Dive Coaster

Dive Coaster
The very first Dive Coaster, Oblivion at Alton Towers
Status In production
Number built 12
First built Oblivion (1998)
Latest built Dr. Diabolical's Cliffhanger (2022)
 Bolliger & Mabillard, Switzerland

The Dive Coaster (previously called Diving Machine) is a steel roller coaster product built by Bolliger & Mabillard. It can be distinguished by its wide trains, seating six, seven, eight or ten riders per row.

Oblivion at Alton Towers was the first Dive Coaster, featuring a near vertical drop, as well as an underground tunnel and turnaround. It was also the first roller coaster with a near vertical drop.

Since the opening of Oblivion other companies have built rides with drops steeper than 90 degrees but Bolliger & Mabillard remain the only company to build roller coasters with such wide trains.


A train on SheiKra in its original configuration, before it was converted to a floorless roller coaster

The first Dive Coaster to be built was Oblivion at Alton Towers, England, in 1998. However it didn't have a "true" vertical drop, but a maximum angle of 88.8 degrees to make sure that the wheels could stay in contact with the track. Despite this, it is still considered and accepted as the first vertical drop. Later Dive Coasters had spring-loaded wheels, keeping the wheels firm against the track and thus allowing "true" vertical drops.

Since then, eight more Dive Coaster installations have opened. SheiKra, opened in 2005 at Busch Gardens Tampa, is the first Dive Coaster to feature inversions. Griffon at Busch Gardens Williamsburg introduced floorless trains in 2007. The same year, SheiKra's trains were modified to be floorless.[1] All Dive Coasters built since have inversions and floorless trains.

When it opened in 2016, Valravn at Cedar Point was the first Dive Coaster with three inversions and also the first installation to use vest harnesses instead of over-the-shoulder harnesses.

The largest installation so far is the Yukon Striker at Canada's Wonderland.


All Dive Coaster installations hold the train at the top of the first drop for approximately three seconds. A small section of chain is used, which holds the train while pushing it very slowly over the edge.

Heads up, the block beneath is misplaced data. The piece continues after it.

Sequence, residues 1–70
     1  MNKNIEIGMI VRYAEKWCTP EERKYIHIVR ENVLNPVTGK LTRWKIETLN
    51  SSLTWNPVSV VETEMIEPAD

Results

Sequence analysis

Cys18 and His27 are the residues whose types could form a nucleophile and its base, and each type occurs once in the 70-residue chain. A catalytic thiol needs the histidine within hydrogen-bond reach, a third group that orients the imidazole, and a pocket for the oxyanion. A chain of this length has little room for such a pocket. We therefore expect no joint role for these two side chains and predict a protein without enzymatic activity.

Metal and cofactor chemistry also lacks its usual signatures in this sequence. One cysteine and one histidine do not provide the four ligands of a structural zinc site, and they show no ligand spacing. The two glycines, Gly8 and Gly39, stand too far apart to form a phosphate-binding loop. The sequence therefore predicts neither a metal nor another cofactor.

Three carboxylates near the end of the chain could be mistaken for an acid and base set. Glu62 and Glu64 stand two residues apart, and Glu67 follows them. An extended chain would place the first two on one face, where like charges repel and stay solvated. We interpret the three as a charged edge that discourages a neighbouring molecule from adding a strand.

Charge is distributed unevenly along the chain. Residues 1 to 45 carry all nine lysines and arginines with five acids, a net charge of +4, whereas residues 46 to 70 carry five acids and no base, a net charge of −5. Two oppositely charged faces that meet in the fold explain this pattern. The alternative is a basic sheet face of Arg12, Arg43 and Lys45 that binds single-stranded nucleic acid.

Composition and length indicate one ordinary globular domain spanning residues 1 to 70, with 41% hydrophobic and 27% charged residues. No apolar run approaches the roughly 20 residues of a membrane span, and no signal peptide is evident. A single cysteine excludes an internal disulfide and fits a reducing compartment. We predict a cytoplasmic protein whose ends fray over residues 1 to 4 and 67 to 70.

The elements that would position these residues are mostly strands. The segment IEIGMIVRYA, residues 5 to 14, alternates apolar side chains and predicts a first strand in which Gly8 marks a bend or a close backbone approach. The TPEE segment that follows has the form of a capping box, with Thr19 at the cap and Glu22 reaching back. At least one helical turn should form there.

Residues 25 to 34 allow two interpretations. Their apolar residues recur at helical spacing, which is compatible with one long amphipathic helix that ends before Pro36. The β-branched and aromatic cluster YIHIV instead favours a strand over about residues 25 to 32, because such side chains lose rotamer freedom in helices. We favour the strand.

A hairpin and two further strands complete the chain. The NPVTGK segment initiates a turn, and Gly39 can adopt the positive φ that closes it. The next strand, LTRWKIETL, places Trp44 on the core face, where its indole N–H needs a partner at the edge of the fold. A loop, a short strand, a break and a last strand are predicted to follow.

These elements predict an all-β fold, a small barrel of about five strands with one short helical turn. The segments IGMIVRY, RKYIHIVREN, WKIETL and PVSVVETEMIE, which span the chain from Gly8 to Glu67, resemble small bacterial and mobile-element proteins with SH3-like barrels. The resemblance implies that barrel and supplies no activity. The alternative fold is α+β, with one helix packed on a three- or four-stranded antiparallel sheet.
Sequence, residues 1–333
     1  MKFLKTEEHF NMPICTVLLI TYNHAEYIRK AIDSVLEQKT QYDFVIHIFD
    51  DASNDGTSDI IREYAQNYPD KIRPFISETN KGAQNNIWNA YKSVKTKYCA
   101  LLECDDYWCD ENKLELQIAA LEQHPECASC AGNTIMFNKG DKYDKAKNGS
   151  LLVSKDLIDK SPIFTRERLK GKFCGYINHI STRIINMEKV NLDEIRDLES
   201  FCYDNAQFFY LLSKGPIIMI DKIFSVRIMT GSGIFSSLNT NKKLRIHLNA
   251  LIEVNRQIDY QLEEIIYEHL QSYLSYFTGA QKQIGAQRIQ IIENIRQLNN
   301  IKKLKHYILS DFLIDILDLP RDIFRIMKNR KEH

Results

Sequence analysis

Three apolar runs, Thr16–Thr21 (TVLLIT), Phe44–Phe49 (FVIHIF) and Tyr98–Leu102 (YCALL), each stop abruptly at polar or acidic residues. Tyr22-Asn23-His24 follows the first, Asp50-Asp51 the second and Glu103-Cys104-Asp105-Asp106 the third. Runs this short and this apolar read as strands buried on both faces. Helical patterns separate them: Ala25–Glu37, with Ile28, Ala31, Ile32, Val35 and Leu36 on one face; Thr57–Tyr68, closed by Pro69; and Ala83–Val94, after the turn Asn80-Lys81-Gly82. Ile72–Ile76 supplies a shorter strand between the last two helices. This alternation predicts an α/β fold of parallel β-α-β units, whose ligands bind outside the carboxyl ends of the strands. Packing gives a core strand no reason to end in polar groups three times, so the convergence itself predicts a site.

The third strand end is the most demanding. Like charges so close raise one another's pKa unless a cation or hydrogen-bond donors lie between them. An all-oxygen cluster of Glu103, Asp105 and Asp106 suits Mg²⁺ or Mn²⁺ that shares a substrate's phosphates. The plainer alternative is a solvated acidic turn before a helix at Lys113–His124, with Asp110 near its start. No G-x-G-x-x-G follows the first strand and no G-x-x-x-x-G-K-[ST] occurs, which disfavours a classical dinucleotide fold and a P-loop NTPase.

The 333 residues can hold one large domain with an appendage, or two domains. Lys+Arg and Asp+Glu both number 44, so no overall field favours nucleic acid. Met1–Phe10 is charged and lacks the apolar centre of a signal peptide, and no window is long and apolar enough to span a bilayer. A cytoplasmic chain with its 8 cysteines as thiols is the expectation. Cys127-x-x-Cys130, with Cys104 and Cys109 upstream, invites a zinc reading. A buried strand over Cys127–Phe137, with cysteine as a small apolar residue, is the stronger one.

Some Dive Coasters feature water brakes, where fins at the ends of the trains spray water over spectators.


Dive Coaster trains are unique in that they seat six to ten riders per row. The trains employ stadium seating, with each row raised higher than the one in front to maximise the view.


Name Amusement Park Country Train width Layout Opened Status Operator
Oblivion Alton Towers
8 Oblivion March 14, 1998 Operating Merlin Entertainments
Diving Machine G5 Janfusun Fancyworld
8 Oblivion March 29, 2000 Operating
SheiKra Busch Gardens Tampa Bay
8 SheiKra May 21, 2005 Operating SeaWorld Parks & Entertainment
Griffon Busch Gardens Williamsburg
10 Griffon May 18, 2007 Operating SeaWorld Parks & Entertainment
Dive Coaster Chimelong Paradise
10 Custom February 7, 2008 Operating
Diving Coaster Happy Valley (Shanghai)
8 SheiKra August 16, 2009 Operating Happy Valley
Krake Heide Park
6 Custom April 16, 2011 Operating Merlin Entertainments
Oblivion: The Black Hole Gardaland
6 Custom March 28, 2015 Operating Merlin Entertainments
Baron 1898 Efteling
6 Custom July 1, 2015 Operating
Valravn Cedar Point
8 Custom May 7, 2016 Operating Cedar Fair
Flying Apsaras in Western Region Happy Valley (Sichuan)
6 Custom February 10, 2018 Operating Happy Valley
Draken Gyeongju World
South Korea
8 Griffon May 1, 2018 Operating
Valkyria Liseberg
6 Custom August 10, 2018 Operating
Yukon Striker Canada's Wonderland
8 Custom May 3, 2019 Operating Cedar Fair
Emperor SeaWorld San Diego
6 Custom March 12, 2022 Operating SeaWorld Parks & Entertainment
Dr. Diabolical's Cliffhanger Six Flags Fiesta Texas
7 Custom July 31, 2022 Operating Six Flags
Iron Menace Dorney Park
7 Custom 2024 Under construction Cedar Fair



Bolliger & Mabillard